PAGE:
A monoid is a mathematical structure with an associative law of composition and an identity element. It can be proven that if an element of a monoid has an inverse, then the inverse is unique:

Assume y and z are two inverse elements of x, and e is the identity element of the monoid.

y = y • e = y • (x • z) = (y • x) • z = e • z = z

This is an algebraic proof that there cannot be more than one inverse element of x.

We considered two variables, y and z, and assumed they were both inverses to x.

It followed, by substitution of definitions, and applications of monoid axioms, that y = z.

That is, all things claiming to be an inverse to x are equal to each other.

I understand this proof logically, but I find it to be more of a symbolic “trick” than a deep way to represent what uniqueness means.

When you study different formal systems which are logically equivalent to one another, you find that two sentences which technically express the same fact nonetheless don’t appear to be “saying the same thing”, because they portray the world from a different perspective. (As an aside, it would be fascinating if we could formalize the difference between those two things.)

My question is about to what extent does the form of logic - the way we have defined and structured a logical system - predispose us to choose that “idiom” as a way to prove “uniqueness”, when there could be other ways to conceptualize what uniqueness is.

The only insight I can offer so far is this.

It is very common to interpret “P(c)”, where P is predicate “red”, and c is a constant denoting a particular cup, as “Cup c is red.”

My problem might just be that I haven’t studied the meaning of variables in logic enough yet.

If a variable is not quantified over, it is called free.

An interpretation can satisfy a formula, or not satisfy it. Whether it does or not, depends exclusively on the choice of a structure, and the assignment of the free variables.

I personally find the following sentence to be a useful example to analyze:

Trisha is the only doctor.

Which conventionally would be proven by a sentence of the form,

Trisha is a doctor, and for anyone else who is a doctor, that person is also Trisha.

I agree with Mauro that this might be a misinterpretation of what “Doctor(Trisha) and for all x, Doctor(x) implies x = Trisha” is saying - but I think this implies that a common way of explaining the meaning logical sentences is inaccurate, and we need to be more precise.

x is a symbol called a “variable”. An assignment allows us to choose what element in a domain x is mapped to.

There is this aspect of first order logic I haven’t seen discussed much yet which is arbitrary assignments. I feel like this needs to be made more precise. Is an arbitrary assignment an assignment, the details of which haven’t been disclosed to the human reading the sentence? Or is an arbitrary assignment the lack of an assignment?

I will come back and add more. But now the question is more about how to formally evaluate the proposition “Trisha is the only doctor”.

For example, a model satisfies a formula when the formula is true for an arbitrary assignment.

I think what I was getting at is, to say “for all x such that x is a doctor, x is Trisha” is awkward when you think about how this is formally evaluated: in principle, variable x must pass over every element in the domain, and it is asserted that for none of them is Doctor() true, except Trisha.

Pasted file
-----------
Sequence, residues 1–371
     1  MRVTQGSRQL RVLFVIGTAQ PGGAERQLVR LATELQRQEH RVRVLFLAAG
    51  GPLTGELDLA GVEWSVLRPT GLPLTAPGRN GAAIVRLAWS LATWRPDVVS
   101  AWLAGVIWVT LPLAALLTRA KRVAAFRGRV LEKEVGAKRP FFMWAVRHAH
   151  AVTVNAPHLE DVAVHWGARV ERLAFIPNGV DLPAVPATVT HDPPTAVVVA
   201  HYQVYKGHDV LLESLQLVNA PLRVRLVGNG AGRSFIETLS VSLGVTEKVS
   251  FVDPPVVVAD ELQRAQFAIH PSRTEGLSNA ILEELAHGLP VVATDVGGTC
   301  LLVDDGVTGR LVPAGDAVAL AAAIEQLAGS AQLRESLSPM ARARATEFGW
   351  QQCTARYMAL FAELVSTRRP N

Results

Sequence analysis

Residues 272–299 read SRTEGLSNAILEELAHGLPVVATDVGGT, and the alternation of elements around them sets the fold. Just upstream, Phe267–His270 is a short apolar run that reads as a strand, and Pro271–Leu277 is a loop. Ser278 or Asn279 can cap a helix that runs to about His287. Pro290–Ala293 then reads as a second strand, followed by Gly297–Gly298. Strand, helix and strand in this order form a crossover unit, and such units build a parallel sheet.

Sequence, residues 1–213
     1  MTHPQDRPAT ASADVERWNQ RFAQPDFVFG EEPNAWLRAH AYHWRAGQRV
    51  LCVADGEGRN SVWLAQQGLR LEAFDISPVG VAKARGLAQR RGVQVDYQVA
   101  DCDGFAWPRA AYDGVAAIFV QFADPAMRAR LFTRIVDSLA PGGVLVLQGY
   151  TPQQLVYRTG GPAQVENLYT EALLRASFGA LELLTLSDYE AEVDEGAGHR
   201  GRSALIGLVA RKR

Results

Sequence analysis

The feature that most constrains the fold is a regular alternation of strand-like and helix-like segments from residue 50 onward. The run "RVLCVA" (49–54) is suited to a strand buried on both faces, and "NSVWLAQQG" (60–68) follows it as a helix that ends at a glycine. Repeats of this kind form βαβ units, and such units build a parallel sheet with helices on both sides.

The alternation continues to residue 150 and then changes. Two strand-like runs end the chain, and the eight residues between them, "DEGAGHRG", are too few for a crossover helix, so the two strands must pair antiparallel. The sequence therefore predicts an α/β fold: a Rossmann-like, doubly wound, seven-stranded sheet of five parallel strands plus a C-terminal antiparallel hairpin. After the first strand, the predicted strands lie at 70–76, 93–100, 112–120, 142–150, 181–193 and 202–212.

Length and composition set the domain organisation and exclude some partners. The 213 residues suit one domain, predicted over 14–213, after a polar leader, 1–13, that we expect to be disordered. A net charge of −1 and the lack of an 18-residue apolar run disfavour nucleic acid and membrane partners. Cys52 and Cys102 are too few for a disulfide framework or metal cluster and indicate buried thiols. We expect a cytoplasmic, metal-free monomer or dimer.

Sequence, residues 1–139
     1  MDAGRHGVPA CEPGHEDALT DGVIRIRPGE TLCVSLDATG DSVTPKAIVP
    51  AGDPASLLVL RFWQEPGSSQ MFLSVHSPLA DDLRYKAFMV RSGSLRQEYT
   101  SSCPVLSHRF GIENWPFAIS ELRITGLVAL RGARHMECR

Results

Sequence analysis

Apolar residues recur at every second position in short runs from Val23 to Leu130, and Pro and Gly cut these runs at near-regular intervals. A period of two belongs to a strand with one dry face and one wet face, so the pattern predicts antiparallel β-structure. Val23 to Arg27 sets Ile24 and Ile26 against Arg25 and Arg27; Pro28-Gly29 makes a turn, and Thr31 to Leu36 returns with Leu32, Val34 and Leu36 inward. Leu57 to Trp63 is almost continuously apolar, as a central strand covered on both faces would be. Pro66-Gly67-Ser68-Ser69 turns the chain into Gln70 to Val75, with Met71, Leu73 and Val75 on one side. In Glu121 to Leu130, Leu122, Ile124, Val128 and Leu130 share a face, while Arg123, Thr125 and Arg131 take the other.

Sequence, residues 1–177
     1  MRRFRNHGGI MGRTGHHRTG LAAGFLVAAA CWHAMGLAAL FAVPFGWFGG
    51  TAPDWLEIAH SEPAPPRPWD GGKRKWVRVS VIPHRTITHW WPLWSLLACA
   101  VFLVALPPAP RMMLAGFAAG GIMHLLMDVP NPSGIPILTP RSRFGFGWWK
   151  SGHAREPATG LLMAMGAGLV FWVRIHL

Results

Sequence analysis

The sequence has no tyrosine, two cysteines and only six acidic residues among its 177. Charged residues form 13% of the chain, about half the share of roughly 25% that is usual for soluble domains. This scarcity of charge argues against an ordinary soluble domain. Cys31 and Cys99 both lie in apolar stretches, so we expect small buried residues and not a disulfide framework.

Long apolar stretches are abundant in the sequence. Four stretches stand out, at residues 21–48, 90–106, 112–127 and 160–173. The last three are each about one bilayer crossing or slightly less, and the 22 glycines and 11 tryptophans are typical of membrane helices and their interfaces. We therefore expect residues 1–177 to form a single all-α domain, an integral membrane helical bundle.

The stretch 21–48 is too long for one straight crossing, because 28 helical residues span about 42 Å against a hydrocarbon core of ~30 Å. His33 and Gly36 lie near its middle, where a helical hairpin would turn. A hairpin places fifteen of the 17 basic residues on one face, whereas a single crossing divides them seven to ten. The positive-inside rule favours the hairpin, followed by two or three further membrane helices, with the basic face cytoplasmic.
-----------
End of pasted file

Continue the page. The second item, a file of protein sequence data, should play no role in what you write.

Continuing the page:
I realize one mistake I made was thinking of “Trisha” more as a predicate than strictly an identifier for an element in the domain; but I still think the monoid example gives us food for thought, and I am confident there are other presentations of “uniqueness” than the common one I mentioned.

“Uniqueness” sounds like a meta-property. Perhaps second-order logic has a way to express “P(c) uniquely”, such as “Unique(P, c)”. In fact, I know there is a “unique existential quantifier” like: “∃!x P(x)”.

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    a=b does not mean that the two symbols are equal (they are not) but that we have two "names" for the same object. Compare with 1+1=2. Commented May 15 at 14:43
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    Constants often behave like you are describing, with respect to other constants. The only constant 0 is equal to is itself. This doesn't work for variables, since variables are intended to not have particular meaning, their meaning depends on what assignment we are considering. Commented May 15 at 16:57
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    "All the other people who are the single strongest person" is the same kind of nothing phrase as "the current king of France" or "all the even prime factors of 39".
    – g s
    Commented May 15 at 20:21
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    Seems related to recent questions about Identity. Is that more what you are asking about? If not, how is it different?
    – Scott Rowe
    Commented May 16 at 10:57
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    Then example “Trisha is the strongest person in the world, and all the other strongest people are also Trisha!” does not work, because when in natural language we say "the other (wrt Trisha)" we are presupposing that the supposed "other" is different from Trisha (I'm not "another" wrt myself). In math, when we assume a variable y and then we prove that y=x, where x refers to the object satisfying properrty P whose existence has been proved, nothing in the proof exclude the fact that the variable y may refer to the same object referred by x. Commented May 16 at 12:14

4 Answers 4


You are reading the definition in a way that is not quite right. There is no logical term for "other". A better reading is "x is P and anything that is P is x". This seems to reasonably summarize the intuition of uniqueness that most people have.

And the logical definition should not be construed as any sort of metaphysical or conceptual definition (although there are probably philosophers who think that sort of definition is the right metaphysical or conceptual definition). All the logical definition does is give a suitable definition of uniqueness based only on a relatively minimal set of concepts. You could just as well add uniqueness as a primitive concept, but then you would need to add axioms to let you prove that "x is the unique P" if and only if "x is P and anything that is P is x". So you have complicated the logic for no real gain.

  • Yes, we should keep Logic as simple as possible, but not simpler. No Logic can do everything well, it is unreasonable to expect that.
    – Scott Rowe
    Commented May 16 at 10:55

To me, an intuitive way to express uniqueness would be something like:

Francis is Pope and anybody who is not Francis is not Pope.

But, "Anybody who is not Francis is not Pope," is the contrapositive of, "Anybody who is Pope is Francis". And this is exactly what the conventional way of writing uniqueness yields. In symbolic form: